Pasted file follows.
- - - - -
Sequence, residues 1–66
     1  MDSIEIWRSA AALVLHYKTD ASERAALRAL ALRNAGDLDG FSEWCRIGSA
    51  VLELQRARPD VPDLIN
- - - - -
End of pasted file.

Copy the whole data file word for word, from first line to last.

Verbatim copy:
Sequence, residues 1–66
     1  MDSIEIWRSA AALVLHYKTD ASERAALRAL ALRNAGDLDG FSEWCRIGSA
    51  VLELQRARPD VPDLIN